Stephen.
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56 posted 12-26-2006 01:19 PM       View Profile for Essorant   Email Essorant   Edit/Delete Message      Find Poems   Click to visit Essorant's Home Page   View IP for Essorant

What is the point of arguing? We never come to any kind of compromise or conclusion.  I think my arguing days in this forum shall be over for a long time.

Essorant
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57 posted 12-26-2006 03:20 PM       View Profile for Essorant   Email Essorant   Edit/Delete Message      Find Poems   Click to visit Essorant's Home Page   View IP for Essorant

Sorry, I posted in the wrong thread   


Huan Yi
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58 posted 12-26-2006 03:25 PM       View Profile for Huan Yi   Email Huan Yi   Edit/Delete Message      Find Poems  View IP for Huan Yi

Stephen,

I really have to disagree.  It’s if we’re not supposed to read
and think and merely go out into the woods and figure things out
for ourselves.  If that were the case we’d still be in caves worshipping
bears on a flat earth that rested on a turtle’s back in
the dead center of the universe.

John
Essorant
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59 posted 12-26-2006 04:28 PM       View Profile for Essorant   Email Essorant   Edit/Delete Message      Find Poems   Click to visit Essorant's Home Page   View IP for Essorant

Good point.

My reference was also meant to be an example of fairly strong arguments, to back up my point that there are strong arguments to suggest the God in the bible and much monotheism, is derived from pagan deities of polytheism.

Brad
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60 posted 12-26-2006 04:56 PM       View Profile for Brad   Email Brad   Edit/Delete Message      Find Poems  View IP for Brad

Ah man, you guys have made this point interesting. Why God?

Here's my two cents: Before the scientific revolution, the main thinking about the world is often described as hylomorphism. Hylomorphism is juxtaposed to atomism.

What's the difference?

Hylomorphism: the form remains fixed, the matter changes.

Atomism: the matter remains fixed, the form changes.

Now both idea were, of course, around but the dominant form of thought, or so I am told, was hylomorphism. What follows from that is that the conscious mind (ourselves if you will), its form, is replicated in everything just in different substances. It follows from that that the universe is not possible without God.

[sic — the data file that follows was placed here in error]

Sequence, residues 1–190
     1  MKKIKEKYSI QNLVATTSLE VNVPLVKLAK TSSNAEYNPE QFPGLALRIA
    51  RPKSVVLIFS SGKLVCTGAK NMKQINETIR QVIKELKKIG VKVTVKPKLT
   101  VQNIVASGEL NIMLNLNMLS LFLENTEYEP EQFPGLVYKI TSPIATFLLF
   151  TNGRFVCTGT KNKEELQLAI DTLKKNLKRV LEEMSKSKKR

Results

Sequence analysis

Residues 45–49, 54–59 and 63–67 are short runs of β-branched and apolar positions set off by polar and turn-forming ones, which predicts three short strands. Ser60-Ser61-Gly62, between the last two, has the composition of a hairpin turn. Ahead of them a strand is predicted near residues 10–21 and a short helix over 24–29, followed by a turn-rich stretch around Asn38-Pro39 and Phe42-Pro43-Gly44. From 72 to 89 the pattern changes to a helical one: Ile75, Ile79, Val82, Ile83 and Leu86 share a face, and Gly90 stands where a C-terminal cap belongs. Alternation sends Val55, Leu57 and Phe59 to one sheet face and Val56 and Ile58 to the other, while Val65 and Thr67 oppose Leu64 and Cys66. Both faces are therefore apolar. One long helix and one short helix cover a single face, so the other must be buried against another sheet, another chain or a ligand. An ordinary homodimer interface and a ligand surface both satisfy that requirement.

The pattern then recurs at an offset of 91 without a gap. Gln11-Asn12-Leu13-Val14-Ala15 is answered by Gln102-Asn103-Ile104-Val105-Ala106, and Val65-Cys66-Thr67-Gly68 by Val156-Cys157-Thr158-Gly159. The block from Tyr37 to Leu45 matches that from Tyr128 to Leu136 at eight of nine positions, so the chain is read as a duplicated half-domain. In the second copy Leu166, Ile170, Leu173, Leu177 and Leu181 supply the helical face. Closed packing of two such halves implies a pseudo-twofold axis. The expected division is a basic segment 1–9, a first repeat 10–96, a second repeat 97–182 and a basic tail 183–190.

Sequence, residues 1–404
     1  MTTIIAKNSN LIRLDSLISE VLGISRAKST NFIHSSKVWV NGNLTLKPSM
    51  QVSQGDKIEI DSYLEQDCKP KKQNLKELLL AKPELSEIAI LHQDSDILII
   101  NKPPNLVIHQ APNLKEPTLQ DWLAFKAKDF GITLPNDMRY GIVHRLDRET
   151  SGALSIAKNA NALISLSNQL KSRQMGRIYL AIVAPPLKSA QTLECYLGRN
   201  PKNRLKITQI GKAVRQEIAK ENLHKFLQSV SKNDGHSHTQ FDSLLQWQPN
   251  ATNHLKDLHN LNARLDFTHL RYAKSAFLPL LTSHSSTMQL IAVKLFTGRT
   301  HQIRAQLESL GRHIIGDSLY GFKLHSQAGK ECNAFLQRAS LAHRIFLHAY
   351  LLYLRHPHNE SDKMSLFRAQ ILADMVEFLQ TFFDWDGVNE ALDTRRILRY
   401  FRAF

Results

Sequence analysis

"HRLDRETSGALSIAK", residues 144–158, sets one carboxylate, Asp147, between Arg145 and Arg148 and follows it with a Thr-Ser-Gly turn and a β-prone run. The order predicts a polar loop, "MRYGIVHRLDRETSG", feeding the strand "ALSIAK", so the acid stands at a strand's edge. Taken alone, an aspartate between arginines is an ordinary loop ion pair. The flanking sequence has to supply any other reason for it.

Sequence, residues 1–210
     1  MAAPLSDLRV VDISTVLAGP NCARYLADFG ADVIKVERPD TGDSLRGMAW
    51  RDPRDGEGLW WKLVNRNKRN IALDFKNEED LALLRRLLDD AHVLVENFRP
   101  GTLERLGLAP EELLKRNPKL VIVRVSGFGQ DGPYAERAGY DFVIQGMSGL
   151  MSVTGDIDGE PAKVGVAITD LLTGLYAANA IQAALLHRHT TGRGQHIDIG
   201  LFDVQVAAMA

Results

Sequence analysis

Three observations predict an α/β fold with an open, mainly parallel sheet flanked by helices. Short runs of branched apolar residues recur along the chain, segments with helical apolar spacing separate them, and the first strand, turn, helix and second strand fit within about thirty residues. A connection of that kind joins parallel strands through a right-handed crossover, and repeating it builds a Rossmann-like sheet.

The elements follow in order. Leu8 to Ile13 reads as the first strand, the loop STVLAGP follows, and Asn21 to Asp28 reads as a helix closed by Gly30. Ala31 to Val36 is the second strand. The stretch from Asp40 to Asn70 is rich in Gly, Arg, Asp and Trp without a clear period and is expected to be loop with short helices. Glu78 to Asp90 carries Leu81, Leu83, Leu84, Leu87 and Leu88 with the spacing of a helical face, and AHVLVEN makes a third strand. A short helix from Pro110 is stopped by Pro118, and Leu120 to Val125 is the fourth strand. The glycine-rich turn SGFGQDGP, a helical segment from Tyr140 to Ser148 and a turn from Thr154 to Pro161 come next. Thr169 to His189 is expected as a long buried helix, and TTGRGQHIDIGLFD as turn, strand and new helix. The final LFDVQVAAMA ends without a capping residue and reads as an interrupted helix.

Get it?

After the scientific revolution, atomism took over and all of a sudden the universe was different forms, same matter. What this leaves out is consciousness. How does the same matter, in any form, form consciousness?

And that's pretty much where we are today. Today, of course, we talk about materialism (atomism) and dualism (a compromised form of hylomorphism).

The interesting thing here is that even after atomism becomes dominant, belief in God wasn't suddenly thrown out the window. That is a slightly different story and I haven't finished the book yet.

The book, for anyone interested is, "Without God, Without Creed: The Origins of Unbelief in America" by James Turner. It's not a page turner but it is interesting.
Huan Yi
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61 posted 12-26-2006 05:20 PM       View Profile for Huan Yi   Email Huan Yi   Edit/Delete Message      Find Poems  View IP for Huan Yi

I don’t think we can deny fear accompliced by
the human trait to seek and find order, sense,
even in chaos as the motivator.  All through
time up to the present when God was not
found to be where he was supposed to be,
on a mountain or a cloud, or taking care of
those who believed, from the Black Plague
to the Holocaust,  man has come up with
a new twist to explain Him still being there.
Why, because without Him the end is more
likely the end and that’s terrifying.  

And I’m not saying a religion that has carrots
and sticks was all that bad.   Without it there might have
been such a sense of pointlessness and futility
that civilization might have never progressed
beyond grass huts.  But it also has and, in it’s
primitive forms still now, is the cause for a great deal
of horror and bloodshed.

Maybe we just can’t handle for the brief time we have
really being on our own.
Stephanos
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62 posted 12-27-2006 12:19 PM       View Profile for Stephanos   Email Stephanos   Edit/Delete Message      Find Poems   Click to visit Stephanos's Home Page   View IP for Stephanos

John:
quote:
I really have to disagree.  It’s if we’re not supposed to read and think and merely go out into the woods and figure things out for ourselves.


Do you really think I said to do that?  Not at all.  I merely made the point that a philosophy forum is for putting forth premises and their defenses as we understand them.  I myself try to be as well read as possible, and never have pretended that my ideas are original (only that they are correct     ).  

My only contention is that posting links alone, rather than letting others know you even grasp the arguments at hand, is like hiring someone else to do your own job interview.  I'm  certainly not saying that you need get no credentials, by way of prior training, for the job.  

And if it's being well read that you want, I have a reading list for you too, if that's all we're doing here.  But being the kind of forum where ideas in some sense become our own, discussion is paramount.



Kevin:
quote:
What is the point of arguing? We never come to any kind of compromise or conclusion.  I think my arguing days in this forum shall be over for a long time.